Normally, you try to keep the pressure ratios between stages about the same.

In a simplified example, assuming no temperature changes, no pressure drop and a pressure ratio of 2 between first and 2nd stages, you'd need about twice the first stage inlet mass flow (before compression) to feed the 2nd stage at that required inlet flow (now at double the pressure).

When both compressors are about the same size as in Raptor, the 1st stage will certainly be in the choke region trying to supply the 2nd stage compressor. Operation near choke results in low compressor efficiency and high compressor discharge temps- exactly what you don't want where you're demanding the already high pressure ratios that diesels require to make any sort of power at high altitude.

Calcs can be done using volume (CFM in old terms) or Mass (lbs./min. usually in old terms). I use mass since that's how modern Garrett compressor maps are labeled.

An easy to visualize example of the physics here, is to look at a cutaway of an axial flow gas turbine engine. The first compressor stages are larger than the downstream stages and on the turbines, the first stages are smaller than the downstream stages. The same physics applies to staged turbochargers.
 
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Victor Bravo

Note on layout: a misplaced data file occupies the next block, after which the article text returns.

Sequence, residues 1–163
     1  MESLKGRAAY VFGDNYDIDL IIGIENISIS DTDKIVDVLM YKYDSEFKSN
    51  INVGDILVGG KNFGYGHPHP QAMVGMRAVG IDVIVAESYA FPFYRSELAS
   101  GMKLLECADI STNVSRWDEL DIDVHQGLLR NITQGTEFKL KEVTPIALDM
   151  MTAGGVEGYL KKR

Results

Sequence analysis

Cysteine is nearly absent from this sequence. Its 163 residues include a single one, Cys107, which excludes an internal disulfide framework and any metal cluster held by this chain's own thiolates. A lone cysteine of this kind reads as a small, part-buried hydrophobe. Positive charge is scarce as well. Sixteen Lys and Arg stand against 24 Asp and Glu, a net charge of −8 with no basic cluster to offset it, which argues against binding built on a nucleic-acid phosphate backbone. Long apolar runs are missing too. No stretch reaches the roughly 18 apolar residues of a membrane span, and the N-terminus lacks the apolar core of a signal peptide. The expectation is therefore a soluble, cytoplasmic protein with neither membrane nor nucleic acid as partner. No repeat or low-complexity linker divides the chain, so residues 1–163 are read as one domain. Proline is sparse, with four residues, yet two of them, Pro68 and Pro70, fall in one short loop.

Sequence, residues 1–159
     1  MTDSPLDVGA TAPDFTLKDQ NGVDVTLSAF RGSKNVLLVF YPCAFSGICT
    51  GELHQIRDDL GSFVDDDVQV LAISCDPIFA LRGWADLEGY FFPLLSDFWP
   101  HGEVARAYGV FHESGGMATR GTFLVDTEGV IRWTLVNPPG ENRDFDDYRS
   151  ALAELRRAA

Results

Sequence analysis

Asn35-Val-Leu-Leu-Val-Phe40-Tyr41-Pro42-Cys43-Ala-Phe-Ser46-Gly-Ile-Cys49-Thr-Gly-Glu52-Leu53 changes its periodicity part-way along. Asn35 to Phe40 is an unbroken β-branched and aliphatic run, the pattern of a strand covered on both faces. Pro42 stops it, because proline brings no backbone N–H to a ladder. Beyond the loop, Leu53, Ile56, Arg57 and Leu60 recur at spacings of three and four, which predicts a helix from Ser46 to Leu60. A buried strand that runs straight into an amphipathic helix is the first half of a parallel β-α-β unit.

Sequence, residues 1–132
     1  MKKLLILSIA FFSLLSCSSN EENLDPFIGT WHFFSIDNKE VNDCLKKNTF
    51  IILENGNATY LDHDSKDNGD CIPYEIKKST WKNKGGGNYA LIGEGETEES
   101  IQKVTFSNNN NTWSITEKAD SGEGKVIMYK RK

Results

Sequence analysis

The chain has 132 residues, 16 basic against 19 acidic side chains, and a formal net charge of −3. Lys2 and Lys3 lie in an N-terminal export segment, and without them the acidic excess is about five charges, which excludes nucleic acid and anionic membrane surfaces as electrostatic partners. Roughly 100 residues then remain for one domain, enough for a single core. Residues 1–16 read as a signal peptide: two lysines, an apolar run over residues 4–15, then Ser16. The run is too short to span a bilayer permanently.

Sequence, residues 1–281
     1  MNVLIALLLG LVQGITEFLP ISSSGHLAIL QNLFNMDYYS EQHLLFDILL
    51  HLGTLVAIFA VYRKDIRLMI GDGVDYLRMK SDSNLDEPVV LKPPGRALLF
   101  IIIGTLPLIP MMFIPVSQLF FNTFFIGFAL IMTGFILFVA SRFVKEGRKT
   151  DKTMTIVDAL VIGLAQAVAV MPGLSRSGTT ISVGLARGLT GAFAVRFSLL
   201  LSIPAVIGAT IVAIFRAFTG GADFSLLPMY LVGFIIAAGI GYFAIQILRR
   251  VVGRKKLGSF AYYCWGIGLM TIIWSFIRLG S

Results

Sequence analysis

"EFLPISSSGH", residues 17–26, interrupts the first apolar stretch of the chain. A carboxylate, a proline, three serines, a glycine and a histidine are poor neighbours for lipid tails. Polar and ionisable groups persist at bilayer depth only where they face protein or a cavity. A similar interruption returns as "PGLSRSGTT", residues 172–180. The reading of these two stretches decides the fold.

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An easy to visualize example of the physics here is to look at a cutaway of an axial flow gas turbine engine. The first compressor stages are larger than the downstream stages and on the turbines, the first stages are smaller than the downstream stages. The same physics applies to staged turbochargers.
That's the easiest and most useful explanation that I have heard on the subject of how/why the Raptor staged turbochargers are not matched. Thank you for bringing the concept down to a level I could grasp more easily.
 

wsimpso1

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I'd imagine that spring rate makes quite a difference to the handling. Any articles on that?
Without the spring, the airplane already has stick force gradients in force per g and force per speed change. A trim spring adds force per stick travel. Various groups, including USAF, have weighed in on what the think the gradients should be.
 
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BBerson

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Ok, got it. Peters 1st stage compressor is only flowing about half of what is needed. (misread the sentence as a recommendation)
Does the turbo company offer installation help? Or do they avoid aviation sales?
 

rbarnes

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Ok, got it. Peters 1st stage compressor is only flowing about half of what is needed. (misread the sentence as a recommendation)
Does the turbo company offer installation help? Or do they avoid aviation sales?
Probably could have reached out to one of the dozen companies that specializes in this and gotten a properly sized system with a short phone call and email.

 

rv6ejguy

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While staged turbo setups are way more common now than they were even 5 years ago, few people have much experience with high altitude matching but at least they would have told Peter you never use compressors with the same flow rate.